Regenerative agriculture is a broad term used to describe the agricultural concept based on the following principles and practices. There is no official definition of regenerative agriculture, and the definition and set of principles seem to vary but they all contribute to the same purpose which is to work holistically – with the whole systems – to increase soil health, environmental health and biodiversity.

Principles include the regeneration of topsoil, increase in biodiversity, sequestration of carbon, resilience to climate change, improvement of the water cycle and the supporting the ecosystem services provided by the various ecosystems.

Practices include the use of natural fertilisers such as compost and manure, the no-dig or minimal dig approach, the integration of livestock, the use of cover crops and mulches, the cultivation of different crops, the rotation of crops, the use of companion planting techniques, the use of hedgerows to protect against wind erosion and increase biodiversity, the rotation of pasture for grazing animals and the planting of perennial plants.

Regenerative agriculture approaches the farm from a holistic perspective. Where all the elements are seen to work together in a symbiotic way. The farmers treat the farm as a whole rather than dealing with elements individually.

Regenerative farming does not only help preserve the environment’s ecosystems but is also incredibly beneficial from a nutritional perspective. Regenerative farming goes way beyond the organic requirements that only prohibit the use of synthetic chemical substances. Food grown and raised regeneratively is more nutritious and sustainable. Cattle are entirely grass-fed and are free to roam and live a life similar to what it would’ve been in the wild. These grazing animals are an integral part of the health of the soil and the ecosystem, fertilising the soil which sequesters carbon. Regenerative farming is key for the nutritional, environmental and ethical case for better meat.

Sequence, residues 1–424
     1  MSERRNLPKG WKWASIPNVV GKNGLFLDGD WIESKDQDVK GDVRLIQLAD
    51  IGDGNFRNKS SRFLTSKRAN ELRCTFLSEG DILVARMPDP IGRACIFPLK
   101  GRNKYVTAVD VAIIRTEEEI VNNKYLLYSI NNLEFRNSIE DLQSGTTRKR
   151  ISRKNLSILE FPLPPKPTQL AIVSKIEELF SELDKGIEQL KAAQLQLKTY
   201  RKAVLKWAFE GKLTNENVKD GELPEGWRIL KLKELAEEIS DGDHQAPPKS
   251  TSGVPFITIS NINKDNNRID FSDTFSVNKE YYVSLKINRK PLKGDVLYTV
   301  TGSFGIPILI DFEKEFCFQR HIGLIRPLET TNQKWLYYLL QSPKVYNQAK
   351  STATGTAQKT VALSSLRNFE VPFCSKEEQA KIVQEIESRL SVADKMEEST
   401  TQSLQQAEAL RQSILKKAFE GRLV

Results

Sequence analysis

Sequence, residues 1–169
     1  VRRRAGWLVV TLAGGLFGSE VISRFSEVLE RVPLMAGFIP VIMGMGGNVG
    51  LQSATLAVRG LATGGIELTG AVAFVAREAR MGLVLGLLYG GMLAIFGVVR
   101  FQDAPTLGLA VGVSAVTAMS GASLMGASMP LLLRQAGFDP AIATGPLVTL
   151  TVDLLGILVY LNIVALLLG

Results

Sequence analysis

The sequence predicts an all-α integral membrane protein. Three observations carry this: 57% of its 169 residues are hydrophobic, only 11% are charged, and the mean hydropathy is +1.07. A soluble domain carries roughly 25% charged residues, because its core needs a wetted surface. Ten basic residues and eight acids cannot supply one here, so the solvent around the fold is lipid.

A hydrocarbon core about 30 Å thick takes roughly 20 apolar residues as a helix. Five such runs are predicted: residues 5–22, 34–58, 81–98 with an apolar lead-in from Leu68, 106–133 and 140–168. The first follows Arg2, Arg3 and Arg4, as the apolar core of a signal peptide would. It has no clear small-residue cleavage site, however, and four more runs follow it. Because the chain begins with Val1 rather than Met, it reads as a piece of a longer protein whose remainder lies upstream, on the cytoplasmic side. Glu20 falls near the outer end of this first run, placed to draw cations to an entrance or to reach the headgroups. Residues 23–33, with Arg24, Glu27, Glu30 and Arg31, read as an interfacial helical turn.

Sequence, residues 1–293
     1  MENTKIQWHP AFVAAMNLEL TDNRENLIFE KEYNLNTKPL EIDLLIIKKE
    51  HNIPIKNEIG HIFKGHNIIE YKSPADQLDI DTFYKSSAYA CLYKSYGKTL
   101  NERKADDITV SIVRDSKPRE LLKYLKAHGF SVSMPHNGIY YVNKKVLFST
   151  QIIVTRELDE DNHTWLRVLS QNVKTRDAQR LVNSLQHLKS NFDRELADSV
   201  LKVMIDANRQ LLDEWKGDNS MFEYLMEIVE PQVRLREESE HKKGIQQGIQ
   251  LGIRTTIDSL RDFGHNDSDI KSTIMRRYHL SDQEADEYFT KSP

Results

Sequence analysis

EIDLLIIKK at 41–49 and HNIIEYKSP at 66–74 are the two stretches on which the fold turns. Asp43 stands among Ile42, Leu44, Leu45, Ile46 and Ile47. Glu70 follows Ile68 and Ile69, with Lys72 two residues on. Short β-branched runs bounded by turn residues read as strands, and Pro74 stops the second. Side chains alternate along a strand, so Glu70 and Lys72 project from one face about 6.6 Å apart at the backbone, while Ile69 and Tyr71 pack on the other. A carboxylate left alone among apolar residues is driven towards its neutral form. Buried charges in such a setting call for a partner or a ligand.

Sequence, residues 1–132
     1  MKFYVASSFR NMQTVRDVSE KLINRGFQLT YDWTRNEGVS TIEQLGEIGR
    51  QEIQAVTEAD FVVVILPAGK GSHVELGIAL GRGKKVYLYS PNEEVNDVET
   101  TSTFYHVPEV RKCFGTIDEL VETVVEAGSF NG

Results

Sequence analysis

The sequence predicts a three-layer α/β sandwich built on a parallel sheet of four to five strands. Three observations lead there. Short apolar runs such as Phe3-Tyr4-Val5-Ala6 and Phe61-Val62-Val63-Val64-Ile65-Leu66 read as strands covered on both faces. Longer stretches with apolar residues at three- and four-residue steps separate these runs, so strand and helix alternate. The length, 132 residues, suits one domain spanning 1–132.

Regenerative farming is the approach we are taking at High View Farmstead. We will be following the principles and techniques outlined above throughout the development of this farm. We will be writing specific articles about each of the principles we are undertaking on the farm. A few examples of the topics we will cover are soil restoration, the use of compost and cover crops, forest gardens, no-dig market gardening, the introduction of animals and the creation of rewilded ecosystems.

You can read more about regenerative farming and these principles and techniques in the resources I have linked below. I have also linked two amazing regenerative farms we love getting our meat from.




Terra Genesis International:

Washington State University’s Centre for Sustaining Agriculture and Natural Resources –

Gabe Brown’s TED talk –

Allan Savory’s TED talk –

We get our meat from Jacobs Ladder –

Knepp also has some excellent meat –